Luc Portelance and Ray Boisvert: It’s time for Canada to get serious about national security

Overview of the security agency perspective from Luc Portelance and Ray Boisvert. Challenge to the rest of government and society lies with counter-radicalization efforts, as they flag below:

Radicalization prevention begins at home, in our communities and across various levels of government. Furthermore, the development of counter-narratives to violent extremism must not be seen as the exclusive domain of security agencies. Counter-radicalization is a long-term battle of ideas that can only be won through collaborative action across society, and more specifically by applying proven commercial marketing strategies.

With the move of the multiculturalism program back to Canadian Heritage, there is an opportunity for the program to play a larger role in such policy discussions and initiatives than was the case recently at CIC/IRCC (as was done previously before the move to CIC/IRCC).

Source: Luc Portelance and Ray Boisvert: It’s time for Canada to get serious about national security | National Post

CBSA faces obstacles in fight against crooked immigration consultants

The challenge of implementation from CBSA President Luc Portelance:

Over the last six years, the Public Prosecution Service of Canada has accepted 22 cases, with 13 resulting in guilty convictions and several others still making their way through the courts, the memo adds.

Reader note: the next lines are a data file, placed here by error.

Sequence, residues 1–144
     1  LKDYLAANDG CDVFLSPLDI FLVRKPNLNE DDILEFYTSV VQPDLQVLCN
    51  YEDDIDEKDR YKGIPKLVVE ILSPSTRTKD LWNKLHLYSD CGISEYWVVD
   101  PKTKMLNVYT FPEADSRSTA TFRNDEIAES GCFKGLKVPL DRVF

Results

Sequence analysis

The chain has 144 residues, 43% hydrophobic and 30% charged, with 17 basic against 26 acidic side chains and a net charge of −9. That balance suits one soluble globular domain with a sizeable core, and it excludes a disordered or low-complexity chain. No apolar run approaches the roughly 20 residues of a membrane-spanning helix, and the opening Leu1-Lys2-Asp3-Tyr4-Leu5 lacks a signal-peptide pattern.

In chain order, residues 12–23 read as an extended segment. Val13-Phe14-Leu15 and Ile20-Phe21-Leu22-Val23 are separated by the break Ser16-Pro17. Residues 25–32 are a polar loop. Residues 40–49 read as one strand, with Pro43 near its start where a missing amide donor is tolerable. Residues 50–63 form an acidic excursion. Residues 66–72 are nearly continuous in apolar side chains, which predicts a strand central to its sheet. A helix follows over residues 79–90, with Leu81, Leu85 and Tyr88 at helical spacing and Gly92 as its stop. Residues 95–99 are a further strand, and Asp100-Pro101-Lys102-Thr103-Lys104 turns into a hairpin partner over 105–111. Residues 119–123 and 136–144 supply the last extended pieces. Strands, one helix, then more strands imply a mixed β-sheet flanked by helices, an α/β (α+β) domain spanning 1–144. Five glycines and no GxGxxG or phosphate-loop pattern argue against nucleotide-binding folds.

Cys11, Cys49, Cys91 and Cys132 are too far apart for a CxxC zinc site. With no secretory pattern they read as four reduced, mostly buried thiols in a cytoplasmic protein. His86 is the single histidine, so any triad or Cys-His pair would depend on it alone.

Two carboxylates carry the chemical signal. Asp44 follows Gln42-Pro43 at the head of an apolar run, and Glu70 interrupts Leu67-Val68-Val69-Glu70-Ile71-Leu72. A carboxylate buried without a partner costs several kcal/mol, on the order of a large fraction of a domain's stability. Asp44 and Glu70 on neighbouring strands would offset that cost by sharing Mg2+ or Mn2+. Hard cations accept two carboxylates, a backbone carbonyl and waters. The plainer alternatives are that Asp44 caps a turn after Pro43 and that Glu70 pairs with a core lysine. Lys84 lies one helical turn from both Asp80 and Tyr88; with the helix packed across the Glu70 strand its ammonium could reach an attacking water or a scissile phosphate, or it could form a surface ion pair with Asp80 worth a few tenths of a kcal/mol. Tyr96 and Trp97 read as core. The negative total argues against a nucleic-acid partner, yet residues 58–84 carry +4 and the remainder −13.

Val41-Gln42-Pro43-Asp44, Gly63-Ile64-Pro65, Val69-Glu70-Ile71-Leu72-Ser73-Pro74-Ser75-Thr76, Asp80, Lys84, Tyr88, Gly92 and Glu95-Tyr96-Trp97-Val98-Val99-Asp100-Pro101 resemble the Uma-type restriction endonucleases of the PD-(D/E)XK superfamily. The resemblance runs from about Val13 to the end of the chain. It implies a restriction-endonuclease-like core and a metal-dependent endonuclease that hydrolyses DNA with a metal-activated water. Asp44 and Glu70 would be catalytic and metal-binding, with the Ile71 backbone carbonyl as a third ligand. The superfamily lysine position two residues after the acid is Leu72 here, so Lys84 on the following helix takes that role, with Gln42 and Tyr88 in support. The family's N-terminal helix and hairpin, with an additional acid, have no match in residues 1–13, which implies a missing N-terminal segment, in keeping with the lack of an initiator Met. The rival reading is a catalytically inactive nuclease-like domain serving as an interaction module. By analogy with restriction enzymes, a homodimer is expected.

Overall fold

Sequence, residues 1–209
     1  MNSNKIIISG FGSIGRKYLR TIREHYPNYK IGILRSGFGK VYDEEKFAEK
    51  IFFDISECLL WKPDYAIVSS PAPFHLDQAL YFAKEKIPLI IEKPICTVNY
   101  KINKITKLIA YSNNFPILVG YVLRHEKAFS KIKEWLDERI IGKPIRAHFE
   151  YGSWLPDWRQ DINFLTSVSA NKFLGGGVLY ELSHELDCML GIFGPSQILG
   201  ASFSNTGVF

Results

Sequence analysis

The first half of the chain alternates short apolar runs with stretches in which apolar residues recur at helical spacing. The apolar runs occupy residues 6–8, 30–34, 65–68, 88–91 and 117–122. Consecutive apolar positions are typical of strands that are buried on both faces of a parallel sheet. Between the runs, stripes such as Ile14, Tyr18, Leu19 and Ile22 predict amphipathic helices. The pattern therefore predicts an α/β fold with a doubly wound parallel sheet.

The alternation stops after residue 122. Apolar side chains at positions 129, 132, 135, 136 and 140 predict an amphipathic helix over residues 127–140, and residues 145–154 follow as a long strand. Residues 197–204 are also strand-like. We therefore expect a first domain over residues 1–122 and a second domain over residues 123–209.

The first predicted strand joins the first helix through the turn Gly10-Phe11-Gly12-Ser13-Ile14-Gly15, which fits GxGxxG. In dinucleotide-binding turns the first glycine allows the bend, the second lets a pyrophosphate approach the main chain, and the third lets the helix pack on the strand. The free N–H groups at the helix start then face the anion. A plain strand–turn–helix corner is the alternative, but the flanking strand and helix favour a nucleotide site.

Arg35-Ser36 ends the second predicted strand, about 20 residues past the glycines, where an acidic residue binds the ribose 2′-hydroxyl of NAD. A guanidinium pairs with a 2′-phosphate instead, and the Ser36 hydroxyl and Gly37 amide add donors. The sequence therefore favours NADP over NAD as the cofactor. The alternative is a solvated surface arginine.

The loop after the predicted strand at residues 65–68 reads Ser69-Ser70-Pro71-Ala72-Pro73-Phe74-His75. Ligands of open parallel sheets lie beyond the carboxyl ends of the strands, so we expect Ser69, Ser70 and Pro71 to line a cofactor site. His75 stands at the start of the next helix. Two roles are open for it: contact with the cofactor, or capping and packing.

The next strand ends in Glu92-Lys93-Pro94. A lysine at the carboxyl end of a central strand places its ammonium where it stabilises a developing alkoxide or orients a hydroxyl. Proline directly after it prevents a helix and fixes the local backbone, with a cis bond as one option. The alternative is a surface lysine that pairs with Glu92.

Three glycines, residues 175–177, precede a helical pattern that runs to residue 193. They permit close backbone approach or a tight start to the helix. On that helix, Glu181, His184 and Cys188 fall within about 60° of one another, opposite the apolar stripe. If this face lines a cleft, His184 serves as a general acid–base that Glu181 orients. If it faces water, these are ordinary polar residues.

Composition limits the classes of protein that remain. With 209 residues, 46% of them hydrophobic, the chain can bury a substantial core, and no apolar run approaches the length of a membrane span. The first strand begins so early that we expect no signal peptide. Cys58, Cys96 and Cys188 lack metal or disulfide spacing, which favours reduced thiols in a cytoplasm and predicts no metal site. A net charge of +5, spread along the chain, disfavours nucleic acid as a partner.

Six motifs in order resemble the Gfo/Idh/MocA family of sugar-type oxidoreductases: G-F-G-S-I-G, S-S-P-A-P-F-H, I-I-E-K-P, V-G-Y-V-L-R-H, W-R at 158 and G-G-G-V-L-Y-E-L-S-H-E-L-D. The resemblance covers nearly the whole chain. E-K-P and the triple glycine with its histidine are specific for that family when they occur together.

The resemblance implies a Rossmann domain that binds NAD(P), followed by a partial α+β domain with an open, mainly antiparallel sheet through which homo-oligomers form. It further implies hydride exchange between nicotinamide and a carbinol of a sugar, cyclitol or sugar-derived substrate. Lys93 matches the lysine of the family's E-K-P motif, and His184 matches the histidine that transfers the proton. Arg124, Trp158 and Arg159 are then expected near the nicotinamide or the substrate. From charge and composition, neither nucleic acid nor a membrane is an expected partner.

In 2013-14, the border agency opened 40 investigations into consultant fraud — the highest number in the last six years.

“Most of these cases are still under active investigation,” the memo says.

However, consultant fraud cases are among the most time-consuming and resource-intensive investigations, Portelance notes.

In August the border agency laid four charges against an Edmonton consultant who allegedly provided her clients with forged documents — charges that came three years after the agency received a complaint against her.

Obtaining evidence to prove intent of a crime often includes several search warrants, production orders, interviews and surveillance operations, Portelance says in the memo.

“The focus on complex cases creates a significant pressure on (border agency) time and resources, and statistical reporting often does not truly demonstrate the significant amount of work being undertaken at a given time,” it says.

“Additionally, obtaining evidence of consultant fraud continues to be a challenge.”Immigration applicants are “often hesitant” to report consultants, as they were either complicit in the misrepresentations or they remain convinced their consultant can help them gain status in Canada, Portelance says.

“Many applicants fear removal from Canada as they did not acknowledge using a representative for a fee or consideration.”

CBSA faces obstacles in fight against crooked immigration consultants (pay wall)